Therefore, it is desirable to design a high performance ROM, while maintaining high packing densities offered by the flat-cell design technique, which can be manufactured with high yield. It is also desirable to utilize straight metal bit lines to simplify manufacture and increase circuit efficiency. It is also desirable to minimize the number of transistors in an array in order to optimize speed, size, power consumption and ease of fabrication parameters.
Additional aspects and advantages of the invention will be set forth in part in the description which follows, and in part will be obvious from the description, or may be learned by practice of the invention. To achieve the objects and in accordance with the purpose of the invention, as embodied and broadly described herein, the invention comprises of the invention can be seen upon review of the figures, the detailed description, and the claims which follows.
The present invention provides a flat-cell ROM array which includes a plurality of sub-arrays which each utilizes a plurality of diffusion regions in a substrate, an insulating layer, block select transistors, conductive bit lines which provide contact through the insulating layer, a plurality of word lines, storage cells, conductive cell select lines and a block select line to overcome many of the problems of the prior art. Also provided in the invention is a method of using the flat-cell ROM array to access information in a quick and efficient manner.
It is to be understood that both the foregoing general description and the following detailed description are exemplary and explanatory only and are not restrictive of the invention, as claimed.
The accompanying drawings, which are incorporated in and constitute a part of this specification, illustrate the embodiments of the invention and together with the description serve to explain the principles of the invention.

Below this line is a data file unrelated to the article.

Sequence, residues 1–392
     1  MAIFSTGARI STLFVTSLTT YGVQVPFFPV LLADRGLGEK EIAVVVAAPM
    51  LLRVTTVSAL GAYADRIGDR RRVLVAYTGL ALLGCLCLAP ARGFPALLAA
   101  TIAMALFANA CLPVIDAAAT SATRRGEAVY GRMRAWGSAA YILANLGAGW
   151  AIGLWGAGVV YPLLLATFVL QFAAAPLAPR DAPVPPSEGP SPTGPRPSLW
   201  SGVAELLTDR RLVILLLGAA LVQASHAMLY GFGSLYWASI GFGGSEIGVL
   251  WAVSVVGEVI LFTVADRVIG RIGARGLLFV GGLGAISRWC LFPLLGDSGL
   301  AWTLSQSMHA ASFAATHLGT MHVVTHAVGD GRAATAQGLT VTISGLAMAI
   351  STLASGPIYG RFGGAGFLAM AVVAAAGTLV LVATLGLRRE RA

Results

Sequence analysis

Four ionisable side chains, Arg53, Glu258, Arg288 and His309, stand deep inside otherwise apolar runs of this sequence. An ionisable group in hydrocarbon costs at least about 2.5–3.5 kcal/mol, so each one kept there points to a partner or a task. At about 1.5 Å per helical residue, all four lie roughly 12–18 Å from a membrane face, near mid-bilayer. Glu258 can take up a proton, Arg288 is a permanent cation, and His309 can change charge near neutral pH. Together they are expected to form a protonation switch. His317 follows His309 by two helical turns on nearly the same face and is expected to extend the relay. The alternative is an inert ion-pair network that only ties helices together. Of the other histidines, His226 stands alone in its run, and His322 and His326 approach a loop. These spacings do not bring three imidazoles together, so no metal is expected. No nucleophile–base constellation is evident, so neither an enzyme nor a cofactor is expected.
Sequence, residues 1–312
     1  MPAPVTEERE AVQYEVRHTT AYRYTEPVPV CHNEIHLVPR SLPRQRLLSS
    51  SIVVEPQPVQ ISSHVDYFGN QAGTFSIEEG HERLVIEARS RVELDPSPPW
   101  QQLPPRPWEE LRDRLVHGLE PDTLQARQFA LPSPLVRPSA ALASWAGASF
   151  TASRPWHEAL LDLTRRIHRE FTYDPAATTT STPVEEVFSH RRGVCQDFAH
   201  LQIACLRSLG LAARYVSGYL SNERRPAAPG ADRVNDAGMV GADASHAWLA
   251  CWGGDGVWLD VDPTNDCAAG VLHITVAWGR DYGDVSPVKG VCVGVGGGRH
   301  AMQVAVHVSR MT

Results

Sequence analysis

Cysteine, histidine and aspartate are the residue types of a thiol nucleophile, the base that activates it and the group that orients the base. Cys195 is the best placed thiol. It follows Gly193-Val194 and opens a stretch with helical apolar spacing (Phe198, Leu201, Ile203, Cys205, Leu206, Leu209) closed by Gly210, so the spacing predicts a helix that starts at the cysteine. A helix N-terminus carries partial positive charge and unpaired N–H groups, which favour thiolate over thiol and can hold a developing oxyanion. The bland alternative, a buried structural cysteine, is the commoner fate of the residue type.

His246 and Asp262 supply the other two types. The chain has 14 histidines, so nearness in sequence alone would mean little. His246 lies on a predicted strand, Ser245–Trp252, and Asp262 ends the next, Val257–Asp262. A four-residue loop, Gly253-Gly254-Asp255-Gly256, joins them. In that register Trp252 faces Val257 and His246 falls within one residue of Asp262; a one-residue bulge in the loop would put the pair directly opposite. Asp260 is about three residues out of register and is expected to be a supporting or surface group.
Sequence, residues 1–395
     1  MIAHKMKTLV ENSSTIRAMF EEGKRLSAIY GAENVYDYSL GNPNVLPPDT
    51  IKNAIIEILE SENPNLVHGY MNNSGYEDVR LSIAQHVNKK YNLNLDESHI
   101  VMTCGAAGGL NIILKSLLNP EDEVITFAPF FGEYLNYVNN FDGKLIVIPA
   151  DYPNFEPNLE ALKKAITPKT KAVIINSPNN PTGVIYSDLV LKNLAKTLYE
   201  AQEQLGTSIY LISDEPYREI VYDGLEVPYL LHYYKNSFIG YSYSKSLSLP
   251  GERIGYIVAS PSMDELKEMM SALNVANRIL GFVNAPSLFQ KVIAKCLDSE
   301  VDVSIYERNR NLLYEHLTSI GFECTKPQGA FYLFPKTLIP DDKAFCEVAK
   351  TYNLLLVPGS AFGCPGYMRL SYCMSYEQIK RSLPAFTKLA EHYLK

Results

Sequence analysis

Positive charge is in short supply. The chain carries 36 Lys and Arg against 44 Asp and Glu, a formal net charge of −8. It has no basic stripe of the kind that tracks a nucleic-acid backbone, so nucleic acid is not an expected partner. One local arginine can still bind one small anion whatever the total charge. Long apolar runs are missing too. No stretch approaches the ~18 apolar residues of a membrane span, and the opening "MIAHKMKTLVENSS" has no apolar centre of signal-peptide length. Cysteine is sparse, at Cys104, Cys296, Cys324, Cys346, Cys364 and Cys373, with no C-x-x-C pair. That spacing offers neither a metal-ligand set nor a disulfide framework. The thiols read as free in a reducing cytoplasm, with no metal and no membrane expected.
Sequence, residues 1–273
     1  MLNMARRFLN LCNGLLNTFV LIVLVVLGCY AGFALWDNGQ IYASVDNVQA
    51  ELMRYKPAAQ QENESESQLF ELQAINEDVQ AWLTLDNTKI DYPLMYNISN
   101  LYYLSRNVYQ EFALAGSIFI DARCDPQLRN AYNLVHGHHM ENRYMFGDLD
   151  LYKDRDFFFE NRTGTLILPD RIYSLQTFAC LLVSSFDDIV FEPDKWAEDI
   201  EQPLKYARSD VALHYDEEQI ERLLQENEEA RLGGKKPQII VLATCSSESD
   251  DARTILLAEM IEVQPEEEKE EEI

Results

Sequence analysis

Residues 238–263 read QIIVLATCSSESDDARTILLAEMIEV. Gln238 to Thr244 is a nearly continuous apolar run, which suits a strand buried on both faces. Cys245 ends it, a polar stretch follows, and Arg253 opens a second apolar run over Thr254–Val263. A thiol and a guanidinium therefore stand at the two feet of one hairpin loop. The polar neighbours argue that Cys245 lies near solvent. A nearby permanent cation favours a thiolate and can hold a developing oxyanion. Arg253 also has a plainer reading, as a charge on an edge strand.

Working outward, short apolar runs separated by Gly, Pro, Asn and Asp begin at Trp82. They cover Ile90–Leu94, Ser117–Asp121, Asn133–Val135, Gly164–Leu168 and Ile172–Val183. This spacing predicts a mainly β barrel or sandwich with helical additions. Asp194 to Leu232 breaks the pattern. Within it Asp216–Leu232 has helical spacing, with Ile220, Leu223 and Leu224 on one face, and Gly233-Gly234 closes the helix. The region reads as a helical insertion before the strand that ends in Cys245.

FIG. 1 is a schematic top view of the layout of a prior art flat-cell ROM core.
FIG. 2 is a schematic top view of the layout of a prior art flat-cell ROM core.
FIG. 3 is a schematic of the structure of a ROM core structure consistent with the present invention.
FIG. 4a is a mask to fabricate a flat-cell ROM core structure consistent with the present invention.
FIG. 4b is a cross sectional view of the structure along line 4B--4B consistent with the present invention.
FIG. 4c is a cross sectional view of the structure along line 4C--4C consistent with the present invention.
FIG. 5 is a circuit diagram of a ROM sub-array consistent with the present invention showing the conditions necessary to sample an even cell.
FIG. 6 is a circuit diagram of a ROM sub-array consistent with the present invention showing the conditions necessary to sample an odd cell.
Reference will now be made in detail to the present preferred embodiments of the invention, an example of which is illustrated in the accompanying drawings. Wherever possible, the same reference numbers or characters will be used throughout the drawings to refer to the same or like parts.
The present invention provides a novel ROM array scheme using flat-cell technology to achieve very high density. The ROM array is divided into sub-arrays. The sub-arrays of flat cells are selected by fully decoded block select lines through block select transistors. The novel sub-array configuration allows for reading selected cells of the sub-array with fewer transistors. This ultimately leads to smaller, more efficient, faster ROM arrays. Use of the local buried diffusion bit lines together with the flat-cell transistors achieves shared metal bit line access with straight metal lines, and compact layout. Overall, the improved, high density, high performance and high yield ROM integrated circuit according to the invention requires fewer transistors to read selected data.
FIG. 3 is a schematic circuit diagram of a ROM array circuit according to one embodiment of the present invention. The array includes ROM sub-array blocks (I,I+1, and I-1). ROM sub-array "BLOCK I" is further shown in operation of selecting the even cells and odd cells illustrated in FIGS. 5 and 6, respectively. The sub-array architecture consistent with the present invention is described, for convenience and without limitation, using an index notation for a sub-array having "2k" local bit lines as follows: "k" denotes the number of desired global metal data lines; "n" denotes the number of word lines desired and "I" denotes the number of sub-arrays desired within a ROM array circuit.